Susan and I made our fortnightly pilgrimage to our local library yesterday. I had books to return, books to pick up, Susan had books to find.
While she checked through the catalogue, I browsed through the stacks. I rambled, stopping now and again to pull a book down and read the first page, the opening paragraphs, flip a few pages in – sometimes less than a hundred, sometimes more – and read again.
I spent some thirty minutes thus engaged. Probably opened 12-15 books.
Not a single book engaged me.
I selected the books at random. If a selection criteria existed, it existed non-consciously.
Walking out of the library, I said to Susan, “I can’t get over how many books are genuinely poorly written. And these got published?”
You don’t want me to review your book
A publisher sent me a book they’d published. I said upfront that I wouldn’t review it unless I thought it a good book.
I won’t be reviewing it.
I read the first paragraph and stopped. I read it to Susan. She thought it okay. I rewrote it. “Definitely better,” she said.
Basically I took a block of exposition and turned it into dialogue laced with action. Instead of being told what’s going on, the reader gets to hear, see, and feel it happening.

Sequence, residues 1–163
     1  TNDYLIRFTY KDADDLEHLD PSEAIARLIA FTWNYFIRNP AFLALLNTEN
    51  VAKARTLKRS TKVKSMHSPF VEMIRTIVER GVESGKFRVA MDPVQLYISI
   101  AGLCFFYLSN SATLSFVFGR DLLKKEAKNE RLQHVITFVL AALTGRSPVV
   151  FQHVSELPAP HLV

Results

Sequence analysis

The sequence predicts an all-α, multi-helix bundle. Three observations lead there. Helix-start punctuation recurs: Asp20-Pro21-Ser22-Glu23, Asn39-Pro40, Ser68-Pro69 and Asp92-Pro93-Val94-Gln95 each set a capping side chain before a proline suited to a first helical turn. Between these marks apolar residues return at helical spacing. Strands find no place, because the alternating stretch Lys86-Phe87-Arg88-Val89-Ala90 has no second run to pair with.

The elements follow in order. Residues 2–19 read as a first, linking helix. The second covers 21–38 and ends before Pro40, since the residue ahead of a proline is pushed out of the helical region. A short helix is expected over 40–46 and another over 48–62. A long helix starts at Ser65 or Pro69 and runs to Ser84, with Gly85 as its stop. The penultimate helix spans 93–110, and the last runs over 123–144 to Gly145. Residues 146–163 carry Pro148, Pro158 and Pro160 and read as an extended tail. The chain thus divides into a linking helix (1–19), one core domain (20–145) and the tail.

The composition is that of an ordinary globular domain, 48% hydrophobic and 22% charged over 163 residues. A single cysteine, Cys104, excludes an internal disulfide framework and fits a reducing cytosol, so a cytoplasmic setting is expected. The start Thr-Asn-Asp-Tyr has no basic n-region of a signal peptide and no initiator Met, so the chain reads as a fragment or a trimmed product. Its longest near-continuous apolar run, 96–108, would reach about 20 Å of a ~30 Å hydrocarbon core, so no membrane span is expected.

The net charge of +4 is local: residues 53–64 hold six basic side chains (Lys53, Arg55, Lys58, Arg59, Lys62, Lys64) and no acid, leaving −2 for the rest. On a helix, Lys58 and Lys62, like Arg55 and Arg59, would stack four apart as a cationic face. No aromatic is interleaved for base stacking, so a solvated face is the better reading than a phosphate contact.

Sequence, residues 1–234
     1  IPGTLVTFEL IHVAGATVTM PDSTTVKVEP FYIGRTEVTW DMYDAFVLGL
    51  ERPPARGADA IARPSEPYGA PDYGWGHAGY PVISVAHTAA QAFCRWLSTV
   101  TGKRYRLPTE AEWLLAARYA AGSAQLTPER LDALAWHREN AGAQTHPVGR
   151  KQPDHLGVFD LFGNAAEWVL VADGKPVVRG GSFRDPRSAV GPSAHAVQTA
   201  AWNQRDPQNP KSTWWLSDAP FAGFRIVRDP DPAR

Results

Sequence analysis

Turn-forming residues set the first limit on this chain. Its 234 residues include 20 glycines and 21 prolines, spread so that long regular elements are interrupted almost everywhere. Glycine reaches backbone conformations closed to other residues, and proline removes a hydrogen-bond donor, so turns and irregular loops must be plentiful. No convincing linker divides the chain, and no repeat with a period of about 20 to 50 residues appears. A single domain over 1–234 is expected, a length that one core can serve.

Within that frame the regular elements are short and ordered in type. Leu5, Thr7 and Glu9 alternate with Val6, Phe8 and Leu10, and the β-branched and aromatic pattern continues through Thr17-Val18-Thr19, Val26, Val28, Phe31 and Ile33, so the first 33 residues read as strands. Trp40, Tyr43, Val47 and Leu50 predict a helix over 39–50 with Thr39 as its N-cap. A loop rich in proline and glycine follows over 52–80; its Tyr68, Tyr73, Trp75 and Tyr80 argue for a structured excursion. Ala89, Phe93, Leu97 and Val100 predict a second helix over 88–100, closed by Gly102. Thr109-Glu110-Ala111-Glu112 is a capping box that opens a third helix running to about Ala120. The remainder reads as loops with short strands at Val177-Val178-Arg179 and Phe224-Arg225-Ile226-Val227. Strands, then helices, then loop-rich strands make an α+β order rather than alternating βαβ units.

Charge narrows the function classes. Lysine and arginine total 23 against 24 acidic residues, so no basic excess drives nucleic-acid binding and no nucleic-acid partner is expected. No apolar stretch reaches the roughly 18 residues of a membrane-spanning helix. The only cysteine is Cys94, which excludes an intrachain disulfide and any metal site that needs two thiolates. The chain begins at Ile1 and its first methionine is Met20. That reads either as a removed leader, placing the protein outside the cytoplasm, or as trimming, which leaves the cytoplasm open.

I wanted to contact the publisher. “You really published this book? What you sent me was after editing? What are sales like?”
(they’re better than mine, it’s been out longer than mine. not sure it makes a difference)
But the writing? Sucked.
Then I reread for the umpteenth time…
I spent my Sunday afternoon on my backporch watching the wind in the trees, sipping a good single-malt Scotch — neat. Water on the side — smoking a good cigar, and listening to music spanning Artie Traum, Rick Wakeman, Prince, World Party, Robert Palmer, Nick Lowe, Pentagle, Pippin, and you get the idea. Varied.
All of which served as background to Riders of the Purple Sage. On every page I wanted to share the writing.
Powerful, wonderful, elegant, moving, intricate, delightful, evocative, meaningful writing. Writing that pulls you in, takes you into the story’s myth and keeps you there, weds you to the characters, locks your senses on to the happenings of the story, makes it more real than the heat of the Scotch or the draw of the cigar or the sweet of the water or the cool of the wind.
That’s what I want my writing to be. To do.
Let me know when I get there.